Officials of Lockheed Martin unveiled their newly assembled F-35 Lightning II at Fort Worth October 4 this year to honor the World War II veterans who flew the P-38 Lightning. With them during the unveiling ceremony are the veteran pilots themselves who inspired the team to build and fly the F-35.
During the World War II,l the P-38 hangar was one of the most reliable aircraft used by the Allies. It served as a dive bomber, a ground attacker or a long-range escort. It was flown over waters and mountains. In short it was flexible, reliable and cunningly deadly. The Star-Telegram reports that this was one of the the planes unpopular among the Nazis that they named it the “fork-tailed devil” to refer to the plane’s twin booms.
Joe LaMarca, VP for Communications of Lockheed Martin said the words of late test pilot Col. Ben Kelsey that the P-38 planes “… fight like a wasp upstairs, and land like a butterfly.”
And like the famed aircraft, the pilots who flew the P-38 were as tough, reliable and wily as the plane itself, the Star-Telegram reports.
Among the 21 veteran pilots of the 49th Fighter Squadron Association who were present during the occasion was B.W. Curry Jr. Now at 91, Curry could still remember flying the P-38 on over 50 missions. He was assigned in Southern Italy during the World War II.
“You could walk through a building like a hot knife through cold butter,” the veteran from Hattiesburg, Miss. said. “You could fly over water, 500 miles, then go over the mountains, then take out some railroad lines and bridges.”
Another WWII veteran present during the ceremony was James Cooke. Already at 88, he could still recall working as a ground crew for the F-38 at Foggia, Italy.
The veteran from Arlington said, “In the morning, we would reload the machine guns, reload the cannon and get it clean. Then we would get up at 11 o’clock at night and load bombs on the P-38.”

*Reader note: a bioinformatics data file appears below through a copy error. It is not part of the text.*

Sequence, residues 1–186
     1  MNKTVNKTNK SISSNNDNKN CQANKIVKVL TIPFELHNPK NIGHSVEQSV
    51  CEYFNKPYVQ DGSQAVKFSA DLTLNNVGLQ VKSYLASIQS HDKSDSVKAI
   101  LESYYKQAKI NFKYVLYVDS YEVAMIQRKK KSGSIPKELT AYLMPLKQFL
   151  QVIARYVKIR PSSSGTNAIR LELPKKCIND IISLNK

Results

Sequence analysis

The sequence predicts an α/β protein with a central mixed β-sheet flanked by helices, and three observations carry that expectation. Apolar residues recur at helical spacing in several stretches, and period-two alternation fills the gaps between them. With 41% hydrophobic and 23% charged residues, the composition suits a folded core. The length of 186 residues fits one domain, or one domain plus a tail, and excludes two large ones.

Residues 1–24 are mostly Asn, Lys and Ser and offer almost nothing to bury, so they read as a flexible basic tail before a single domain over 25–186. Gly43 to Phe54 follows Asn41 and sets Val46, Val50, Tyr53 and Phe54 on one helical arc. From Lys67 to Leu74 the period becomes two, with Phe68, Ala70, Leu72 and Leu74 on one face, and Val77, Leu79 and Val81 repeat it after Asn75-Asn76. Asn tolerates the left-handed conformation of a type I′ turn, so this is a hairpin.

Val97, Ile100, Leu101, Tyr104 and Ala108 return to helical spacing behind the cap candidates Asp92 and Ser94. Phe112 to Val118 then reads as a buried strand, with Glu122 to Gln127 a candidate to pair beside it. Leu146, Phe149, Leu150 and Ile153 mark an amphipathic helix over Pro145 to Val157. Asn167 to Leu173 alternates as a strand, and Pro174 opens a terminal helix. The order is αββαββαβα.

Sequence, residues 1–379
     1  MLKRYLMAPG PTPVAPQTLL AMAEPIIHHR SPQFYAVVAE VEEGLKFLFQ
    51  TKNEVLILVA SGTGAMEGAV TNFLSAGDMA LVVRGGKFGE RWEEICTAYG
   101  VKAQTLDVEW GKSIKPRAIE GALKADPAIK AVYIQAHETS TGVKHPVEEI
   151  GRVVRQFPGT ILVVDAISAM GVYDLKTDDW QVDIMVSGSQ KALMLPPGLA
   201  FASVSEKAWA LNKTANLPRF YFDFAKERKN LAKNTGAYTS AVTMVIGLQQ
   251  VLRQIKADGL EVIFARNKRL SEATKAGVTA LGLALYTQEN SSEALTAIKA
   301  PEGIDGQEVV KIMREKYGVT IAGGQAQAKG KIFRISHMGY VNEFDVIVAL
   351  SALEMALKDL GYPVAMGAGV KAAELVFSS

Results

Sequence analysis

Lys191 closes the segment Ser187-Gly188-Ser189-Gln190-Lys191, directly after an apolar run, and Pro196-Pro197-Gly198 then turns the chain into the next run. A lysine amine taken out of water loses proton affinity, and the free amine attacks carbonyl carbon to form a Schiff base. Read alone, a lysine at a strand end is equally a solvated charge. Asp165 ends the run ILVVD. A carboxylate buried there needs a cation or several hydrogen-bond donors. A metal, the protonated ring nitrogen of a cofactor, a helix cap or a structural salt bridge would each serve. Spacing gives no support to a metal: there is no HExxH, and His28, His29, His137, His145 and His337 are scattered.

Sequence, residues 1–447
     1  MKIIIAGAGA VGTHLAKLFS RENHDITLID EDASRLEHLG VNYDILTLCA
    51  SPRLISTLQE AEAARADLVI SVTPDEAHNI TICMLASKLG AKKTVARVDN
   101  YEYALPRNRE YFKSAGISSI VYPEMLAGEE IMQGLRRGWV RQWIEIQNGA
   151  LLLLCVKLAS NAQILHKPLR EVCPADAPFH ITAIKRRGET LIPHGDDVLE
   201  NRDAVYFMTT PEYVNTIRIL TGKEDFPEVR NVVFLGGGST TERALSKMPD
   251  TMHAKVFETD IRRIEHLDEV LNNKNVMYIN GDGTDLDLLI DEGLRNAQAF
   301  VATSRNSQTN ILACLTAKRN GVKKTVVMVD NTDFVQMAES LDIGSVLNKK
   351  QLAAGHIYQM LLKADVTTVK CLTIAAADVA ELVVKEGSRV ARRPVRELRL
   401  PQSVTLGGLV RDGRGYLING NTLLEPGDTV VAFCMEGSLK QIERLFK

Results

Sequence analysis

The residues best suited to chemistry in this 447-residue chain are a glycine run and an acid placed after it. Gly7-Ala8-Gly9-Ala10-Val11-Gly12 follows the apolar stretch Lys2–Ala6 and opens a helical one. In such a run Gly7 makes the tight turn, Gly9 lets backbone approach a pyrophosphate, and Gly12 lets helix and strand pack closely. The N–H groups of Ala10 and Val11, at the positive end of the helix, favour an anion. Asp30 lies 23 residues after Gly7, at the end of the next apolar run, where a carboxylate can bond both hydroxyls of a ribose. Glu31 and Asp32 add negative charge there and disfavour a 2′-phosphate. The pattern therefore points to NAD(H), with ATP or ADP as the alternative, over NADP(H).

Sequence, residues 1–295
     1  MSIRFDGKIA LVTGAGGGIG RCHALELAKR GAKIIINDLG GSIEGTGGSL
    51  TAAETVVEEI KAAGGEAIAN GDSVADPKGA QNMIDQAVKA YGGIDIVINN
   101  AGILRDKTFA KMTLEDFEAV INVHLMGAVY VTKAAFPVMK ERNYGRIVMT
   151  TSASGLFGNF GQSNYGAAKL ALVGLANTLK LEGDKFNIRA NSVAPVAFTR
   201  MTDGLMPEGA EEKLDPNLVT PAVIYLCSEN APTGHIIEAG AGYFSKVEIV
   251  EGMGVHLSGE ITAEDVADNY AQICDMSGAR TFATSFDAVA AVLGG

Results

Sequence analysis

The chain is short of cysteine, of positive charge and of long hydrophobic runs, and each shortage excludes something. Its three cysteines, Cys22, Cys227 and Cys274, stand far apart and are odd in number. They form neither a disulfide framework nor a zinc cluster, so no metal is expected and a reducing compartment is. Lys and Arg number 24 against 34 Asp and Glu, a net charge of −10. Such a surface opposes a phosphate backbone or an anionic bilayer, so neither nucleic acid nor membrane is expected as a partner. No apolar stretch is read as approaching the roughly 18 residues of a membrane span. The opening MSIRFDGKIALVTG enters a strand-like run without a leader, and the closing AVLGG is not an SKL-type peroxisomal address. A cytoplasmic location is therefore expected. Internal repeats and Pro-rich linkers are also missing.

After the war, Cooke got his engineering degree at the University of Oklahoma. He them proceed to work at General Dynamics. The place is now Lockheed Martin Aeronautics in Fort Worth.
Another WWII veteran who graced the ceremony is Don Luttrell. Hailing from Dallas, he is now 90 years old. He holds the record of flying over 55 combat missions during the invasion of Southern France.
During his missions he holds the record of bringing down two planes, although Luttrell remembers five. He is also a recipient of the Distinguished Flying Cross. This Air Medal with Seven Oak Leaf Clusters was given for his service in the 49th Fighter Squadron. He also received the European Service Medal with five stars.
Luttrell has only good remarks of the P-38. “It worked very well,” the veteran pilot said. “You could put the guns out of the nose, put glass in it and put a bombsight in it.”
“It worked very well,” he said. “You could put the guns out of the nose, put glass in it and put a bombsight in it.”
Air Force Col. Alex Stathopoulos administered the F-35 contracts and dedicated the shining new aircraft to the hero pilots of WWII. Nicknamed after the P-38, the F-35 is the legacy of the versatile and reliable WWII plane fast-forwarded 70 years of evolution of modern science and technology.
Test pilot for Lockheed Martin Bill Gigliotti describes the F-35 as “modern marvel of a machine with immense technology and stealth capability.”
“You show up to the fight with all the information,” he finally remarked, “and the enemy never sees you.”